Welcome to Issue 38.4 of Digestable, your daily mouthful of real things happening in the world, minus alarmist pandemic news.
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Today’s news, fermented:
Let’s begin with updates about two of my favorite people to hate.
The first—Jeff Bezos has been put on notice by 400 politicians around the world, demanding that he raise wages and pay more taxes. It’s unclear if this will yield results, but maybe politicians beyond this group of 400 will have to reckon with the fact that generally, if electeds want to wield power, they pass laws, instead of sending letters. Might we want to regulate this so-called free market?
The second—Elon Musk’s SpaceX Starship has exploded while attempting to land after a test flight. The image this brings to mind is a little kid playing with toys and making weapon sounds, which is how I think Elon might see himself, but the toys are rare earth minerals and the sounds are his exploding spacecraft.
And now for some much-needed good news: New York State has decided to divest its $226 billion dollar pension fund from fossil fuels. It’s the third-largest pension fund in the country. This is a victory for organizers on the ground who have been fighting for divestment for years against a centrist government that until now, hasn’t been ready to take the plunge.
The pledge to divest is also accompanied by a plan to decarbonize the fund entirely by 2040. It’s unclear what exactly this means—and commitments that balance the equivalent of carbon budget sheets often don’t yield meaningful impact for those on the front lines of the climate crisis—but all investment is interconnected. So, when fewer institutions invest in fossil fuels (and thus also divest their confidence in the value of that investment), it puts pressure on other institutions to do the same, because nobody wants to get left with a pile of worthless Exxon stock.
It fills me with joy to think we can look back on 2020 as the death knell for the fossil fuel industry. This has been an impossible year full of loss, so we must celebrate what we can. We’ve all got our defenses up—but probably not as much as these bees, who use an elaborate strategy of ‘decorating’ their homes with animal feces to scare away predators.
Brought to you by the superb Latifah Azlan.
One of the biggest scandals to rock Hollywood in recent years was the involvement of stars Felicity Huffman and Lori Loughlin in a nationwide college admissions scandal and criminal conspiracy that saw many wealthy people being indicted on bribery and fraud charges over their attempts to influence undergraduate admissions at top American universities around the country. Felicity Huffman pleaded guilty to a single count of conspiracy to commit mail fraud over accusations that she was buying better SAT scores for her daughter so that she could enroll in a prestigious university. She did the smart thing, kept her head down, served her sentence, paid her fine, and has laid low ever since. We can debate the justness of the American justice system all we want, but that's not what this column is for. I say Felicity did the smart thing because she may have taken a hit PR-wise when she was first charged and sentenced, but she'll no doubt find it easier to reintegrate back into Hollywood's good graces give or take a few years from now. And that's because she's kept mum about the whole affair instead of trying to insist on her innocence or play some relatability card over a concerned parent wanting the best for her children.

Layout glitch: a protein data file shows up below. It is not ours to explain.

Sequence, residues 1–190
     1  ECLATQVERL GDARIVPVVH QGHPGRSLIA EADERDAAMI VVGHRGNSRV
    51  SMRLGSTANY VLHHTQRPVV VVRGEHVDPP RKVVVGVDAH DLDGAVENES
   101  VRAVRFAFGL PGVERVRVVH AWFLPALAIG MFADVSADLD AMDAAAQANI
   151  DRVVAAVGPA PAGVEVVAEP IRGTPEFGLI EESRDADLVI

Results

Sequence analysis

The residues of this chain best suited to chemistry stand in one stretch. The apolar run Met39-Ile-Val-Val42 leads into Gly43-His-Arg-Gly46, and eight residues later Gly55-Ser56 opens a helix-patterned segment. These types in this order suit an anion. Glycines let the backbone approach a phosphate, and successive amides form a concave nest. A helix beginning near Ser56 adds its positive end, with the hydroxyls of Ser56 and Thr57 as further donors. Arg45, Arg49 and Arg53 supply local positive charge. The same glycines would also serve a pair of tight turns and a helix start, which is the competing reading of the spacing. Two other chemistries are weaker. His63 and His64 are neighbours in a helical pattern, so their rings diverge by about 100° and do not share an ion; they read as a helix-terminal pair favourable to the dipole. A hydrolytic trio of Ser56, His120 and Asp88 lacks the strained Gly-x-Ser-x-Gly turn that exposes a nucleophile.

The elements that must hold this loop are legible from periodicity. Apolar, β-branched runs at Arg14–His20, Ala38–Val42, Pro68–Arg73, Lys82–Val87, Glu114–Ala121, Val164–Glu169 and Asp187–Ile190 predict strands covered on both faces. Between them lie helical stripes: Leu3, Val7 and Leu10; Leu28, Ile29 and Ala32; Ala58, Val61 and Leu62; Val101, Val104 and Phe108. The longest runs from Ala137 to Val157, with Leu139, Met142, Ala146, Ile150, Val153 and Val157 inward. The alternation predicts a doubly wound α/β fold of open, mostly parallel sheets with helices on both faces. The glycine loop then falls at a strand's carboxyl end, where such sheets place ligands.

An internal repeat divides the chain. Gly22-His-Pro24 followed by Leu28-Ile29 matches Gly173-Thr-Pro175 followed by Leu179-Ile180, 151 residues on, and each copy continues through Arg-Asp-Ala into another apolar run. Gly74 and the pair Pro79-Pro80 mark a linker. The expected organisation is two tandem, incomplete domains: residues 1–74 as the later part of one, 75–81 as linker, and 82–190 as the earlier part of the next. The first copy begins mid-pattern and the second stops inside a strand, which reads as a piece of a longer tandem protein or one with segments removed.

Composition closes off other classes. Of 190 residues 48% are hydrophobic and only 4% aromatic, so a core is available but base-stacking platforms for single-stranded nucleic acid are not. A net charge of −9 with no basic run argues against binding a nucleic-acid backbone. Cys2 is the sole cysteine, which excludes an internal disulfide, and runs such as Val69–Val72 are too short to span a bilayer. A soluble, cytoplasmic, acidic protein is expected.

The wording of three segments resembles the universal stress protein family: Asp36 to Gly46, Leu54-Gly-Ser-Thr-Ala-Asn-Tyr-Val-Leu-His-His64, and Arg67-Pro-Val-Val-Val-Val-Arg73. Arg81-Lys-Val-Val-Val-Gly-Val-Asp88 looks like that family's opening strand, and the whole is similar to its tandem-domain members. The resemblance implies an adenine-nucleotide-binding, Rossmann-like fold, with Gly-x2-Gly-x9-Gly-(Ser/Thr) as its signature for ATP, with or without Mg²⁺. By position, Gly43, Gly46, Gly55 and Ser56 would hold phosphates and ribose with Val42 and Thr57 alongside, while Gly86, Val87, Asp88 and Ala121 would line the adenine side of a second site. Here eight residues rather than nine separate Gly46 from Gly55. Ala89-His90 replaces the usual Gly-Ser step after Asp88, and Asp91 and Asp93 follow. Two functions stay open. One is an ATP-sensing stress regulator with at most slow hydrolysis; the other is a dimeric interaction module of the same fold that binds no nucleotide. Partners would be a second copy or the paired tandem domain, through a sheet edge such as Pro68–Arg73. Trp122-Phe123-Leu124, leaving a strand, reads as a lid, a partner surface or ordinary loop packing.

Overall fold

Lori Loughlin on the other hand did the complete opposite thing by refusing to admit her guilt, then tried to play up the concerned parent angle, before playing up the religious awakening angle, and all the while leaking stories to her people of how much of a torture the whole ordeal for her has been, before finally realizing that the smart thing to do would be to just enter a guilty plea and stop talking. Lori Laughlin (and her husband), by the way, actually bribed officials at the University of Southern California to enroll her daughter, Olivia Jade Giannulli, at the school as a member of the rowing team. Complete with photos of her fake working out at the gym.
So anyway, the story today here is the fact that Olivia has decided to launch her apology tour with an appearance on Red Table Talk, the online talk show hosted by Jada Pinkett Smith, Willow Smith, and Adrienne Banfield-Norris (Jada's mom). I'm not quite sure what possessed Olivia to do this but i can't think of anyone who was clamoring for her to speak on the college admissions scandal, especially as she was implicated in these crimes. Although to be fair, she was also (just) a child who may not have fully understood what her parents were doing at the time. And in the interview, Olivia says that she didn't even want to go to college, going along with the plot simply because her parents pretty much made her do it and was hyperfocused on making Olivia get into a good school. At the time, Olivia wanted to focus on growing her career as an "influencer" (lol), which her parents were pretty much against. And I can empathize with that to a certain extent -- college isn't for everyone and parents can be hard to reason with.
But also... girl, you posed for those fake photos and knew to a certain extent that what you did was fraudulent. So I guess that's why Olivia is saying a lot of the "right things" during this interview: to convince us that she's truly sorry for what she has done and what has happened. She talks a lot about her privilege and how she doesn't want pity from people, which I can assure you has not been an issue, babe. And in any case, she didn't even directly apologize for her wrongdoing and was even nonchalant about her parents going to prison, something she described as a "good learning experience for them." I snickered.